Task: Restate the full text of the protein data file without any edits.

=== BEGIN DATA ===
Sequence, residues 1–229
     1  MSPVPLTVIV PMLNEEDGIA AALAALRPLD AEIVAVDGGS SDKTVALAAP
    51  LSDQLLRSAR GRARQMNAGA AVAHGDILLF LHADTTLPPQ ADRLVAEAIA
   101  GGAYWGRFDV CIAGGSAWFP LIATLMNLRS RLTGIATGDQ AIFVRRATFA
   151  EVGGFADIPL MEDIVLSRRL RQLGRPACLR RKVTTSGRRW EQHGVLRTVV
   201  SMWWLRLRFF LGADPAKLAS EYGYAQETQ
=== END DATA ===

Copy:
Sequence, residues 1–229
     1  MSPVPLTVIV PMLNEEDGIA AALAALRPLD AEIVAVDGGS SDKTVALAAP
    51  LSDQLLRSAR GRARQMNAGA AVAHGDILLF LHADTTLPPQ ADRLVAEAIA
   101  GGAYWGRFDV CIAGGSAWFP LIATLMNLRS RLTGIATGDQ AIFVRRATFA
   151  EVGGFADIPL MEDIVLSRRL RQLGRPACLR RKVTTSGRRW EQHGVLRTVV
   201  SMWWLRLRFF LGADPAKLAS EYGYAQETQ